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I'm retrieving an entire HTML document via AJAX - and that works fine. But I need to extract certain parts of that document and do things with them.

Using a framework (jquery, mootools, etc) is not an option.

The only solution I can think of is to grab the body of the HTML document with a regex (yes, I know, terrible) ie. <body>(.*)</body> put that into the current page's DOM in a hidden element, and work with it from there.

Is there an easier/better way?

Update

I've done some testing, and inserting an entire HTML document into a created element behaves a bit differently across browsers I've tested. For example:

  • FF3.5: keeps the contents of the HEAD and BODY tags
  • IE7 / Safari4: Only includes what's between ...
  • Opera 10.10: Keeps HEAD and everything inside it, Keeps contents of BODY

The behavior of IE7 and Safari are ideal, but different browsers are doing this differently. Since I'm loading a predetermined HTML document I think I'm going to use the regEx to grab what I want and insert it into a DOM element - unless someone has other suggestions.

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Just curious, but why are javascript frameworks not an option? –  Tejs Jun 3 '10 at 19:41
    
The jQuery implementation of what you want to do doesn't even bother to strip out the head, but it does strip out script tags, a comment suggesting it's to avoid some problems in IE. –  Pointy Jun 3 '10 at 19:56
    
@Tejs: because sometimes knowing how to do something yourself is of far greater value then "oh, XYZ framework does it for you". –  Stomped Jun 3 '10 at 20:19
    
I use jQuery all the time. I could work without it, and write the loops myself, but just to save myself the time later I would probably end up just duplicating jQuery's functionality anyway. It depends on what kind of project you're working on. If you're brushing up your raw Javascript skills, go right ahead, but if your goal is to push out a solid project as quickly as possible, you might benefit from taking advantage of what those who came before you have produced. –  Matchu Jun 3 '10 at 20:29
    
I live & breath jQuery - its made me forget how to do things without it, which I find pretty frustrating. –  Stomped Jun 6 '10 at 2:22

1 Answer 1

up vote 5 down vote accepted

Elements can exist without being in the page itself. Just dump the HTML into a dummy div.

var wrapper = document.createElement('div');
wrapper.innerHTML = "<ul><li>foo</li><li>bar</li></ul>";
wrapper.getElementsByTagName('li').length; // 2

Given your edits, we run into a sticky situation, since you want getElementById. The matter would probably be easy if you could just create a new virtual document via document.implementation.createDocument, but IE doesn't support that at all.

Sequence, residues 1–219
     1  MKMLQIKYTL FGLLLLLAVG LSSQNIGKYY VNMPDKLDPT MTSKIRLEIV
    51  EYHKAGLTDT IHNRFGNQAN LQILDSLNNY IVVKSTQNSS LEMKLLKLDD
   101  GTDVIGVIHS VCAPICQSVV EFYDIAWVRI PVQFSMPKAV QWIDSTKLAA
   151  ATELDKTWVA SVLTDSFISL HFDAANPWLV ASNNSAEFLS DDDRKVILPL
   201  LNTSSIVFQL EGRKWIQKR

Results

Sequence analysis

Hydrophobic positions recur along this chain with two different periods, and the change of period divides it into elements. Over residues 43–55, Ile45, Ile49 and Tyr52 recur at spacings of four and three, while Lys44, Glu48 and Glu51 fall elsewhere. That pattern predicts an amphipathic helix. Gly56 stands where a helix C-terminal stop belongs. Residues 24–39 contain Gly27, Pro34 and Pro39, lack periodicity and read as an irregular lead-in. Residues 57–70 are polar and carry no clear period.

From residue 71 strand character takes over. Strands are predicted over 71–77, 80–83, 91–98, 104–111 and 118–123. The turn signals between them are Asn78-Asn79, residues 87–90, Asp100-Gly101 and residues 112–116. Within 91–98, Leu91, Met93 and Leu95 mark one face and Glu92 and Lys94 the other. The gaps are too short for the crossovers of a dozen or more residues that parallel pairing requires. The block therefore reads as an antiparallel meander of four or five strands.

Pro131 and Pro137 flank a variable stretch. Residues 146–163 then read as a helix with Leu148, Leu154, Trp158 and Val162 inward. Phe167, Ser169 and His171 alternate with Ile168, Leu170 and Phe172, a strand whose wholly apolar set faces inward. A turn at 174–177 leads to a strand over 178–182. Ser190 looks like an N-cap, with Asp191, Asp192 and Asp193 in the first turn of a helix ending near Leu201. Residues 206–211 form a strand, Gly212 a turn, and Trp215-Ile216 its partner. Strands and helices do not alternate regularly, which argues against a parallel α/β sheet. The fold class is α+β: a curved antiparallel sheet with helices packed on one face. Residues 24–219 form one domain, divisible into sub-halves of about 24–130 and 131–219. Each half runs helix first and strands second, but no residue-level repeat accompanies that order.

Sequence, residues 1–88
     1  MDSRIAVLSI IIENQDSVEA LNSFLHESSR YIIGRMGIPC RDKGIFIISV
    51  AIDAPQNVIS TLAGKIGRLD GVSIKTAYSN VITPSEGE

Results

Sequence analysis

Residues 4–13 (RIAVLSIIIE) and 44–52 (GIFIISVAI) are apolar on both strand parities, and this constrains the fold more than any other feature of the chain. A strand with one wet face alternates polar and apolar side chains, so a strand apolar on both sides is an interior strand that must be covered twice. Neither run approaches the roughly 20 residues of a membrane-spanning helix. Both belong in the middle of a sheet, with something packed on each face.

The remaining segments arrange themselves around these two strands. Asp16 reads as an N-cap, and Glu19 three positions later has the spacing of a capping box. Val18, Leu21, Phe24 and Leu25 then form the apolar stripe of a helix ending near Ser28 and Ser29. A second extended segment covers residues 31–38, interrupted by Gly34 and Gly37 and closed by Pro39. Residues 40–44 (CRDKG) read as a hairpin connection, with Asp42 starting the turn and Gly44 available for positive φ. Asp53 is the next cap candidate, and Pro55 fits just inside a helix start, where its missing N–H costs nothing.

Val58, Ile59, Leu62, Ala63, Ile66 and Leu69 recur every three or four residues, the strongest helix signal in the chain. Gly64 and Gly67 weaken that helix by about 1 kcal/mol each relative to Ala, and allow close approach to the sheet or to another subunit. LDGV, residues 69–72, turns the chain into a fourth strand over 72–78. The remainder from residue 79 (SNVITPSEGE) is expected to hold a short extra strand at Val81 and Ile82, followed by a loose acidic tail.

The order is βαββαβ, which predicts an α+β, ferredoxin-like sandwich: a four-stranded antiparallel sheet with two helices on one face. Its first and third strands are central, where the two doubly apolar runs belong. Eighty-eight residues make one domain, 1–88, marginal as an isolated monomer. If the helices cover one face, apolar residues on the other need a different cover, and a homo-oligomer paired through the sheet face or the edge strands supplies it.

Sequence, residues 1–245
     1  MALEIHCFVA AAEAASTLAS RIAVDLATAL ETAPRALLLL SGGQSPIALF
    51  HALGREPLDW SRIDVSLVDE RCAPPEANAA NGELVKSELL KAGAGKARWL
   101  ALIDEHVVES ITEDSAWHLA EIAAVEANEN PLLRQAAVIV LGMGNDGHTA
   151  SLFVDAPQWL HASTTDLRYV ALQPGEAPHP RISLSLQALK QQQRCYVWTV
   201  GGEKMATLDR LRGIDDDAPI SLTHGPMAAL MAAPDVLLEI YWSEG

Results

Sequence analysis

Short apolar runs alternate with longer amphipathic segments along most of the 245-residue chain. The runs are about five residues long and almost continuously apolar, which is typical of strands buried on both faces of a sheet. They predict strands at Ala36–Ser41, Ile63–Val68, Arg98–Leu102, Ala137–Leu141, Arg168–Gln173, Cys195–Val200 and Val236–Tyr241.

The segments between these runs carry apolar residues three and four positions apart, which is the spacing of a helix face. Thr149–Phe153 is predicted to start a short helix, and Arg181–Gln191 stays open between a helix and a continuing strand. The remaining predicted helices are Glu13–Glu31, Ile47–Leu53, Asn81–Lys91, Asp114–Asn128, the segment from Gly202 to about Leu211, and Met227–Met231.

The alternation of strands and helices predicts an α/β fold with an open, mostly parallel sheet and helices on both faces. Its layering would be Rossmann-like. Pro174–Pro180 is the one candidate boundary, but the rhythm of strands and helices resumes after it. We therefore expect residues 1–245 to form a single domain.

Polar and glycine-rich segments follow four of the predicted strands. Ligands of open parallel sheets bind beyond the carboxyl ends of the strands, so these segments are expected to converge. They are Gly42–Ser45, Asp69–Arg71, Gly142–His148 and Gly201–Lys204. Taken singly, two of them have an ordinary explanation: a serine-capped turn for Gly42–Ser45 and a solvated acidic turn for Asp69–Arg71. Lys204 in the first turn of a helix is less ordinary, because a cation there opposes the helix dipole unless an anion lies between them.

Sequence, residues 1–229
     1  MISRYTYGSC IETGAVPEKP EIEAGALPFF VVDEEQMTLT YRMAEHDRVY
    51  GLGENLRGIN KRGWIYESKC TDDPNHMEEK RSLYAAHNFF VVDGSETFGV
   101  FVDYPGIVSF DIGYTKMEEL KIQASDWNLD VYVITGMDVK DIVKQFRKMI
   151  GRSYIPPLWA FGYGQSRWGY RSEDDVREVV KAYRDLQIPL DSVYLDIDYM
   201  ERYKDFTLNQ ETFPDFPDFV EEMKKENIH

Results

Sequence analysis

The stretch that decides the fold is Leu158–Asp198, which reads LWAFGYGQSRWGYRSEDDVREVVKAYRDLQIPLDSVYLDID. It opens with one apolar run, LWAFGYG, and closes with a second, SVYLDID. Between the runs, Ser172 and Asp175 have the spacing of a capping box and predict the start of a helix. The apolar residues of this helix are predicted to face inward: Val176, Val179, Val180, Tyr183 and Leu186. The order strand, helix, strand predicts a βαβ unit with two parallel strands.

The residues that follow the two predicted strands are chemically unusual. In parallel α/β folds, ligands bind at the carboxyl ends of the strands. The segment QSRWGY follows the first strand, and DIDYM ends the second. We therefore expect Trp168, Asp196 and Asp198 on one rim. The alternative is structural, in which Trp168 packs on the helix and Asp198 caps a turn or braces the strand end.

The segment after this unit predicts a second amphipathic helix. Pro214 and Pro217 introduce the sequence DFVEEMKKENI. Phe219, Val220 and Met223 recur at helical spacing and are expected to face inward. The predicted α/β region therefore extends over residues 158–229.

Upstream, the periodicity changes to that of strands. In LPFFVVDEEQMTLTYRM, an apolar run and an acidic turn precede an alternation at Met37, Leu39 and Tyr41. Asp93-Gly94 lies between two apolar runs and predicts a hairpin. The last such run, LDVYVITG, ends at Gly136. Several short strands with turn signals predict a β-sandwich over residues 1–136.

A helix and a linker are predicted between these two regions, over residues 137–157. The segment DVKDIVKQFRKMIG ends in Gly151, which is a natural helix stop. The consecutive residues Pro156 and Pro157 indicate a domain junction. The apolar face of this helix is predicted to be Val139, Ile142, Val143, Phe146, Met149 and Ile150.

Using a regex is a messy business, since what if we see something like <body><input value="</body>" /></body>? You could probably just make your regex greedy so that it moves on to the last instance of </body>, but if you do end up running into troubles, a more thorough parsing may be necessary. Even if a full framework isn't an option, you might end up wanting to use something like Sizzle, the core of libraries like jQuery, to look for the element you want. Or, if you're really feeling in a purist sort of mood, you could write the recursive search function yourself - but why take that hit if someone else has already taken it?

var response_el = document.createElement('html'), foo;
response_el.innerHTML = the_html_elements_content;
foo = Sizzle('#foo', response_el);
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I've tried this; it behaves rather oddly because I'm inserting an entire HTML document ... <html> ... </html> –  Stomped Jun 3 '10 at 20:01
    
@Stomped - if you know you'll be inserting a full HTML document, could you just create a <html> element, rip off the first 6 and last 7 characters, and set that as the innerHTML? –  Matchu Jun 3 '10 at 20:10
1  
@Stomped - curious, I went to the jQuery source to look up how jQuery creates an element from $('<html>whatever</html>') to see if they had any shortcuts - turns out they just use a greedy regex to make sure it looks like <tag>stuff</tag>, and create a <tag> element and put stuff inside. You could use therefore either use their more generic approach, or just count on receiving a full HTML document and see above comment :) –  Matchu Jun 3 '10 at 20:16
    
Matchu: I just did the same thing (looked at jQuery source) - wish I had thought of doing so earlier. I also discovered that different browsers do things oddly when you insert an entire HTML doc (see my edit above) –  Stomped Jun 3 '10 at 20:17
    
@Stomped - edited. –  Matchu Jun 3 '10 at 20:27

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